Ancient woodlands: ‘Ancient’ woods are taken to mean sites that have been continuously wooded since 1600 (Peterken 1974, 1996, 2000; Rose 1999). Generally, ancient woods are considered to be of greater conservation importance, as they will tend to support the greatest biodiversity. Using lists of Ancient Woodland Vascular Plants (flowering plants) as an aid to identifying ancient woodland sites and evaluating their nature conservation importance is well established and commonly used (Peterken 1974, 1996, 2000; Rose 1999).
In the 1970s, Francis Rose recognised that lichens could also be used to identify ancient woodlands. Making species lists of lichens from woodland habitats throughout Britain, it soon became clear that although some woods that were known to be ancient from both documentary sources and Ancient Woodland Vascular Plants lists, they did not support the anticipated diversity of epiphytic lichens. Why was there this discrepancy? There were two main reasons: atmospheric pollution, and woodland management.
In areas recently or historically affected by high levels of acidifying atmospheric pollution or acid rain, there will have been a huge negative knock-on effect on the lichen flora. Many, if not most, lichens on trees in badly affected areas of lowland England, will have suffered lichen impoverishment since the Industrial Revolution. Today, recording lichens from many known ancient parklands in central lowland England, the species lists will not reflect their antiquity. There is a reduced lichen flora, mainly of species able to tolerate enhanced levels of SO2 pollution, and latterly, with reduction in background acidity in the atmosphere and enhanced eutrophication from intensive agriculture, there will be a change, from acid-tolerant species to lichens associated with eutrophic conditions. There are currently, massive invasions of lichens back into these ‘lichen deserts’, but not by the ‘old woodland’ Indicator Species, or species indicative of Ecological Continuity.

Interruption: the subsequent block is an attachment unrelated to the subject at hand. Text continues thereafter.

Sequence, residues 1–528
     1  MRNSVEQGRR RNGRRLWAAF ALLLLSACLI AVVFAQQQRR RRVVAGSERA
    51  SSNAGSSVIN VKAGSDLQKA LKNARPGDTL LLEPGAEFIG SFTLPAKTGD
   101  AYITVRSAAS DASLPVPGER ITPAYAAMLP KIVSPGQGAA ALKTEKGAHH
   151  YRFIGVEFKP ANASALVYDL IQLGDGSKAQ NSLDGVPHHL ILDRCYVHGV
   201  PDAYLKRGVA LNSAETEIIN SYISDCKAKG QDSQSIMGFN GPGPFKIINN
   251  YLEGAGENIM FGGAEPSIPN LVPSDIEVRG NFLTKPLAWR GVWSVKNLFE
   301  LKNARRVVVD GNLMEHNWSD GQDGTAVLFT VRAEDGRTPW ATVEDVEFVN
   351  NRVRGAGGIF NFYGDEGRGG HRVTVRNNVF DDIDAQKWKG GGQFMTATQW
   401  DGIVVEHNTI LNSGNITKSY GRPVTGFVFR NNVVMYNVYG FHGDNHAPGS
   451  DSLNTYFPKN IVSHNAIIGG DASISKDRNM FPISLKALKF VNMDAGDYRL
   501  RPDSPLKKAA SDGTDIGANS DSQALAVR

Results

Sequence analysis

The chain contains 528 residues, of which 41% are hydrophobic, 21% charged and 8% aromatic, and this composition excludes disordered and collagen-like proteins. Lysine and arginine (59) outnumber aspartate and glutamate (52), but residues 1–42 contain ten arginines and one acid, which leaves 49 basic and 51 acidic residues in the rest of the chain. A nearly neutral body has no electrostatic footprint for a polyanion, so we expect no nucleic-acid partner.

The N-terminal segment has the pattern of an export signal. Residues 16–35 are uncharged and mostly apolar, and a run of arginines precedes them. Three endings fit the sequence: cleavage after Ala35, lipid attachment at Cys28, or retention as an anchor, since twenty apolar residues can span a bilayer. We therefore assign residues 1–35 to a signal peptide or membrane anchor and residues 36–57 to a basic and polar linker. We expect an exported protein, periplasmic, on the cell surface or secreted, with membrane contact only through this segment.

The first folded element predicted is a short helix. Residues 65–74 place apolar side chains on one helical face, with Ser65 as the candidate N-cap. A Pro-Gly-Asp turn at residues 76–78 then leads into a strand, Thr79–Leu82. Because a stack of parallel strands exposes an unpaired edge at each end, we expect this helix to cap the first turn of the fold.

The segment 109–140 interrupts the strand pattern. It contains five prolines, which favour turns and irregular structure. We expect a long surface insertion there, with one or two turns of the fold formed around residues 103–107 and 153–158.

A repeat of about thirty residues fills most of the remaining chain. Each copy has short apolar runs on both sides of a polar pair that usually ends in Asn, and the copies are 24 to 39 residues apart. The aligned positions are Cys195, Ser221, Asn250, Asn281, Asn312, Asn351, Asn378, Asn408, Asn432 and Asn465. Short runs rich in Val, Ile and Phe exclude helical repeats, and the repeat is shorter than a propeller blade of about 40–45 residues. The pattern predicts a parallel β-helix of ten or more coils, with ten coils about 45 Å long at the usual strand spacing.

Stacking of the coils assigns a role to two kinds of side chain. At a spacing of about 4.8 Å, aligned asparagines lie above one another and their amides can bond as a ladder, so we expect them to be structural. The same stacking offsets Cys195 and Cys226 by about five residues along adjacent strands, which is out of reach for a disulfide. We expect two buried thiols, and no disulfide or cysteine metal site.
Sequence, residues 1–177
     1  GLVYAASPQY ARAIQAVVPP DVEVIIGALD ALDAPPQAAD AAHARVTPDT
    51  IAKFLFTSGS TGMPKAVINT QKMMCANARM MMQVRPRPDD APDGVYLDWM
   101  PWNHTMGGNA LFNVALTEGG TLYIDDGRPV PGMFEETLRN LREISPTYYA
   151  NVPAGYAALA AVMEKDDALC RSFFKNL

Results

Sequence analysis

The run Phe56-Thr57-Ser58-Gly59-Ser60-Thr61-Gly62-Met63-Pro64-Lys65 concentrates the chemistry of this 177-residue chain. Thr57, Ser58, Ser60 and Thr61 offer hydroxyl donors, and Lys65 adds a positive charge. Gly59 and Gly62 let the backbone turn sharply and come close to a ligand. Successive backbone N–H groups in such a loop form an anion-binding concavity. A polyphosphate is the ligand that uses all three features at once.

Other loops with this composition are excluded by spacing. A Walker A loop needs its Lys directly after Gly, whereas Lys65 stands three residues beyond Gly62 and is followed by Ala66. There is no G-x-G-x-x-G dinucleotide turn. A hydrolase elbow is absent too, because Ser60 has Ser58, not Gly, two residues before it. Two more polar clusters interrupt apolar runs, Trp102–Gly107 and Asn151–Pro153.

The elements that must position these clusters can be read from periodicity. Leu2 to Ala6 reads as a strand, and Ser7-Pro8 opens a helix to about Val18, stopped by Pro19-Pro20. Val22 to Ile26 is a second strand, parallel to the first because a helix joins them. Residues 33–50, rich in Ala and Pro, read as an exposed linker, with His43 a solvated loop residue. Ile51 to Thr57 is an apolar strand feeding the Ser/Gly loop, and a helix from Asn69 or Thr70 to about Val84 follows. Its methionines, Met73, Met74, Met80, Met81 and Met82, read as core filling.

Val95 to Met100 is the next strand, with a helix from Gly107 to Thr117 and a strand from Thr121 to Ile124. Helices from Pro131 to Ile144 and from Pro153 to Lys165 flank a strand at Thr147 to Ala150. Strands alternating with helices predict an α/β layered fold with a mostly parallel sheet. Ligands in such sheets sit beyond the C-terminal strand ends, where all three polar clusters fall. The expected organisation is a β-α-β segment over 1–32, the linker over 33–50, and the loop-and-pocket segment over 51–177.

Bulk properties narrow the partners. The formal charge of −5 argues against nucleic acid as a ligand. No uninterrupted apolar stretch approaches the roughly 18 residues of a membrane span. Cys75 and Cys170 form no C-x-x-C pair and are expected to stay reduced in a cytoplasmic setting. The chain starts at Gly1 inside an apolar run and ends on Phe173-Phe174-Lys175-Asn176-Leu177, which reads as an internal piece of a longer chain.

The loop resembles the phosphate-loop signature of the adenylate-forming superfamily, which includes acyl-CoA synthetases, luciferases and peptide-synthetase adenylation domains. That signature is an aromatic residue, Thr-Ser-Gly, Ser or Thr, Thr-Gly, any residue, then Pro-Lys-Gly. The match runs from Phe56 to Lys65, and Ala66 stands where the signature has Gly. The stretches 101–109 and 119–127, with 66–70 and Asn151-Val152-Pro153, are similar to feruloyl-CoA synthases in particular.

One brighter note is that recent surveys of parks and pasture woodlands, which were impacted by pollution in the latter 20th century and were more or less written off as lichen habitats, have proved to have a greater degree of survival of some of the original rare species than was thought. Although much has been lost, some species just survived in protected niches and now have the potential to recover. Examples include Lecanora sublivescens in Windsor Forest; Pyrenula nitida, Pyrenula nitidella, Bellicidia incompta (Bacidia incompta), Scutula circumspecta (Bacidia circumspecta) and Thelopsis rubella at Burnham Beeches and Bellicidia incompta (Bacidia incompta) and Thelopsis corticola (Opegrapha corticola) at Hatfield Forest.
Over the centuries, no woodlands have escaped some degree of modification and management – indeed, woods only survived because they were useful to man and were managed to produce useful commodities, for sheltered grazing or for sport (e.g. deer parks). This does not mean that today’s woods do not occupy ancient woodland sites, and will retain features which mark them out as such. Ancient woodland sites largely retain their associated woodland ground flora, despite intensive management. Coppiced woods for example (where trees were cut back on a regular cycle such as Oak for charcoal and tanning, and Hazel for a whole range of small wood uses) are often known to support species-rich flowering plants. However, with lichens, clear-felling and coppicing has severe implications on the epiphytic lichens of woodlands. If a woodland has been clear-felled at any time during its history, then all the associated lichens would go with the extraction of the felled trees. The flowering plants of a woodland ground flora (where the seed-bank remains in the ground), are able to survive clear felling if the woodland is quickly regenerated or planted with deciduous trees. Lichens, however, are removed with the cut timber, and although lichen propagules blowing around in the atmosphere are able to establish on young trees as the woodland re-grows, these will be widespread and common woodland epiphytes. The critical ‘old woodland’ lichens will be lost, those species dependent on continuity of woodland cover and specialised niches, and some exclusively dependent on the continual presence of old trees (Rose 1976, 1992). In Native Pinewoods, this habitat dependency also extends to the continual presence of dead trees.